For most of our existence on this planet we were hunters and gatherers.  Like the animals in the wild.  Dependent on our environment for our food.  Which was often scarce.  Leaving our distant relatives with a chronic gnawing hunger in their bellies.  Sometimes the environment provided so little food that there wasn’t enough for everyone.  So a great many went hungry.  And a great many eventually died from that hunger.  Such was life for hunters and gatherers dependent on their environment for food.  Then we started thinking.  And figured out how to farm.

As farmers we took control of our environment.  Instead of eating only what the environment gave us we grew what we needed.  And grew even more to have a food surplus.  To get us through times when the environment did not provide a good growing season.  Having control over our food turned that chronic gnawing hunger into a rare and infrequent occurrence.  Which established us at the top of the food chain.  And made us master of the planet.  Where we shaped it to serve our needs.  Instead of living at its mercy.

With a stable food supply we were able to do something else.  Something other than grow food.  We could build things.  And an artisan class grew.  Potters.  Shoemakers.  Blacksmiths.  As time passed the artisan class grew.  Creating a middle class.  Markets where people met to trade their goods grew into cities.  The economy grew more complex.  The cities grew more crowded.  And the artisans became protective of their trades.  Joining guilds that restricted entry into their trade.  By maintaining a maximum number of artisans in each trade.  For though there was more food than ever the fear of hunger never went away.

In Medieval Europe Cloth Production was Second only to Food Production

Artisans joined guilds for one reason.  So they wouldn’t starve to death.  Basically.  By restricting entry into their trade they limited competition.  This allowed them to charge higher prices for their goods or services.  And that healthy income allowed them to buy all the food they desired.  Whereas if other artisans were allowed to set up shop in town they could offer their goods or services for less.  Forcing other artisans to lower their prices.  Which is good for the masses.  Allowing them to pay less for the artisans’ goods or services.  Helping them to push off hunger themselves.  But not good for the limited few who saw their wages fall with more artisans entering their trade.  Hence the guilds.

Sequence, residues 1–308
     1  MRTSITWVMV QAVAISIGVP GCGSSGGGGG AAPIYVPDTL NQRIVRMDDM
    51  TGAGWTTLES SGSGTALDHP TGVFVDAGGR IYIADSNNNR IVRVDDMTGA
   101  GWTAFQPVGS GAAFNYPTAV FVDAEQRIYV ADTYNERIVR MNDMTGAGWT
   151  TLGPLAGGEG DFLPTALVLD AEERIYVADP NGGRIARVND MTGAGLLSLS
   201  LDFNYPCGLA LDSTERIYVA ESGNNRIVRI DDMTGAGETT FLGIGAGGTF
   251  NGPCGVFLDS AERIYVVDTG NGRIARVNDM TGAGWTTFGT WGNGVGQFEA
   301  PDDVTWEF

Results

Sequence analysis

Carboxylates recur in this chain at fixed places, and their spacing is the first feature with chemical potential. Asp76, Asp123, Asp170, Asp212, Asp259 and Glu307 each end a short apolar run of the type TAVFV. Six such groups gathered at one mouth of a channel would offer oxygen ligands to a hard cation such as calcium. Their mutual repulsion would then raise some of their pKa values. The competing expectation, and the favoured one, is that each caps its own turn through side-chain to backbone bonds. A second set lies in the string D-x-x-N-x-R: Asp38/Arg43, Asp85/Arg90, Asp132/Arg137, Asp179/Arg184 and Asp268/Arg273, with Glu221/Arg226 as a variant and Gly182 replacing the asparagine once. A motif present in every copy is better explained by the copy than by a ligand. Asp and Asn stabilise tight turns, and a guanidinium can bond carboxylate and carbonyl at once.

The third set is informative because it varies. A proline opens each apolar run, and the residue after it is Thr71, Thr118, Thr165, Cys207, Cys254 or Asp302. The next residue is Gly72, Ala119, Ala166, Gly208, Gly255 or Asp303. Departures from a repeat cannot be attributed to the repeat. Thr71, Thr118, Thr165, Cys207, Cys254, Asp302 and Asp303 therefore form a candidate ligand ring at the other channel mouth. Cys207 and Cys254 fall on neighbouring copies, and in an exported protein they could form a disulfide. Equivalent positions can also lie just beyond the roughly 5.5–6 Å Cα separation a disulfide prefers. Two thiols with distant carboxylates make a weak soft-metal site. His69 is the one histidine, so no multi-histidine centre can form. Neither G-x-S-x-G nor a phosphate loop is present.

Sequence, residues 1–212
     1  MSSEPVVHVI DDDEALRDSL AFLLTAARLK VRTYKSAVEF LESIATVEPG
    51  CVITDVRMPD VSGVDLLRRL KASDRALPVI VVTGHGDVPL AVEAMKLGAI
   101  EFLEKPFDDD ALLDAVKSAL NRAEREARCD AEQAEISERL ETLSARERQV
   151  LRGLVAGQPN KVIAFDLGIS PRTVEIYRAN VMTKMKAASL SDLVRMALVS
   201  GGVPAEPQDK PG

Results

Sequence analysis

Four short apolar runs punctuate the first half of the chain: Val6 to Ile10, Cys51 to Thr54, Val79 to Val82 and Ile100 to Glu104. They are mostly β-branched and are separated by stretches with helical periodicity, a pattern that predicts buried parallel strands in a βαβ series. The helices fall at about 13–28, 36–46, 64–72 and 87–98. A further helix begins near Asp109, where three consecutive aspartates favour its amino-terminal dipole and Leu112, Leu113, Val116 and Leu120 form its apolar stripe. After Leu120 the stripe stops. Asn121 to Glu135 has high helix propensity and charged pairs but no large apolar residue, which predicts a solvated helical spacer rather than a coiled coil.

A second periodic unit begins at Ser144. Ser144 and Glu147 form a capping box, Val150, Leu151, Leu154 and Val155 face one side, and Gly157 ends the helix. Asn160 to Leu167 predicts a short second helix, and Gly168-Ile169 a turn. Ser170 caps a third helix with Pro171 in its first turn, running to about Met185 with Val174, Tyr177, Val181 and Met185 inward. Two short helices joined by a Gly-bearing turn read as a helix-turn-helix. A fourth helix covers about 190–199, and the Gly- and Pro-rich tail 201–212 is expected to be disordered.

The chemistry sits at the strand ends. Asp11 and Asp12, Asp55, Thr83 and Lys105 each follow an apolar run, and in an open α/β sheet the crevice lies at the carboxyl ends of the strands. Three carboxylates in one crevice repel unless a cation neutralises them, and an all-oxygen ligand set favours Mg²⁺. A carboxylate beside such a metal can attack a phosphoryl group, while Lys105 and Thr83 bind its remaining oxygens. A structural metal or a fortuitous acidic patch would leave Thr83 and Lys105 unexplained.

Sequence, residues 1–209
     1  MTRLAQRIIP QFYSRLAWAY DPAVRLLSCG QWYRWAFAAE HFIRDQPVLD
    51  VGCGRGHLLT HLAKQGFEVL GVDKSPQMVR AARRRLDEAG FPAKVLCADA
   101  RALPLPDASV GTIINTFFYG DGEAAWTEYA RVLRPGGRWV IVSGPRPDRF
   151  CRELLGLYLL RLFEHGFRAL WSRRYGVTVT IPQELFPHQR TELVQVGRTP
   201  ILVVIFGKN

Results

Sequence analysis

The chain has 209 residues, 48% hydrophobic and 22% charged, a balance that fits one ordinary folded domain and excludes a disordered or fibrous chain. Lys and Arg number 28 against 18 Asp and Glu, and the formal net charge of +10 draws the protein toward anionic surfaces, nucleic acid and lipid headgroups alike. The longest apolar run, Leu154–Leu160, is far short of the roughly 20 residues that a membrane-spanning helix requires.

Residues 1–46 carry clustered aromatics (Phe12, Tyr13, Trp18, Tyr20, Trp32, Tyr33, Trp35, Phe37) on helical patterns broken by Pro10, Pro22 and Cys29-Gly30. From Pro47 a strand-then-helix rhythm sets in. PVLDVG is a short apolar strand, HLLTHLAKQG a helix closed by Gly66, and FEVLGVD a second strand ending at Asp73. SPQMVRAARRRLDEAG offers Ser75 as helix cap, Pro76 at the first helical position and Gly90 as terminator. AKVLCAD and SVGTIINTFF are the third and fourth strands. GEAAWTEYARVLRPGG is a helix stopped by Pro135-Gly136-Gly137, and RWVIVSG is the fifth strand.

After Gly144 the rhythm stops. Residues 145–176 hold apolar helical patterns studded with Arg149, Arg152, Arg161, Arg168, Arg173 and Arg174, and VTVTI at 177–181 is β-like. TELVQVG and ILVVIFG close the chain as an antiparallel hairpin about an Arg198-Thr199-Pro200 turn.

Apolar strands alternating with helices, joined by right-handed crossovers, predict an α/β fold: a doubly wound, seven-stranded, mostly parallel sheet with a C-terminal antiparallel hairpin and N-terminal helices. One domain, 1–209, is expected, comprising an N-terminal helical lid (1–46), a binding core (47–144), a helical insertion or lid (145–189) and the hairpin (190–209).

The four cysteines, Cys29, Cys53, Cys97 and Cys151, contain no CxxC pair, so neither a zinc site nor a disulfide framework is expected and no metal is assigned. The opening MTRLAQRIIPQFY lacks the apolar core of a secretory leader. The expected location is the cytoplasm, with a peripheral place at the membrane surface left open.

But artisans had more to fear than just people trying to take food off of their tables.  There was something else that was a far greater risk.  Technology.  Which led to increases in productivity.  That is, producing more with fewer people.  Replacing some highly-skilled artisans with lower-skilled and lower-paid people operating machines.  And without a job it was difficult to put food on the table.  With the specter of hunger haunting them some artisans did something about that new technology putting them out of a job.  They fought back against the machines.

Besides food there was another basic necessity the people needed.  Especially in England.  Where it got pretty cold during the winter.  To live in the northern climes you needed to wear clothes.  Or die of exposure.  In Medieval Europe food production was the number one occupation.  The number two occupation was cloth production.  To make the clothing people needed to wear to keep from dying of exposure.  Highly skilled weavers filled factories as they manually worked their looms.  Making the cloth that others would turn into clothing.

The most Infamous Neo-Luddite was the Unabomber Theodore Kaczynski

Their meager production rate kept clothing prices high.  Then came the Industrial Revolution.  First they mechanized spinning.  Creating more thread than a weaver could ever use.  Then they mechanized weaving.  Turning that thread into cloth at an incredible rate.  Turning cloth-making from a skilled trade into an automated process.  Producing more with fewer people.  Lowering the price of clothing.  And reducing the need for skilled artisans.  Making the people happy.  For they could buy more clothing.  And still be able to afford enough food to ward off that gnawing hunger.  Everyone was happy except, of course, those artisans put out of a job thanks to those new machines.

Britain was at War with Napoleon’s France in 1811.  During war the home economy typically suffers.  And machines replacing people didn’t help.  Highly skilled weavers either lost their jobs.  Or had to take steep pay cuts to compete with other unskilled laborers working the new mechanized looms.  Lower incomes made it difficult to buy food when prices were rising.  As they typically do during war.  Pushing some people to the breaking point.  And some people rebelled against the machines.  Smashing them.  And burning them.  These people were Luddites.  Their rebellion against technology was so great that at times more British Red Coats were in England putting down their rebellion than were fighting Napoleon’s Grande Armée.

But in the end the Luddites loss their struggle.  By 1817 the British had put down the rebellion.  And the Industrial Revolution carried on.  Making life better for the masses.  The modern economy flooding us with new must-have products at reasonable prices.  And creating scores of new jobs the Luddites never could have imagined.  Still, their anti-technology philosophy lives on.  Perhaps the most infamous neo-Luddite being Theodore Kaczynski.  The Unabomber.  Who fought against technology by planting or mailing bombs.  Killing three.  And hurting 23 others.  Who they finally found holed up in a primitive cabin in the Montana wilderness.  Where he rejected all technology.  Living without any of the creature comforts technology gives us.  Like electricity, fresh water or personal hygiene.  Being a Luddite to the extreme.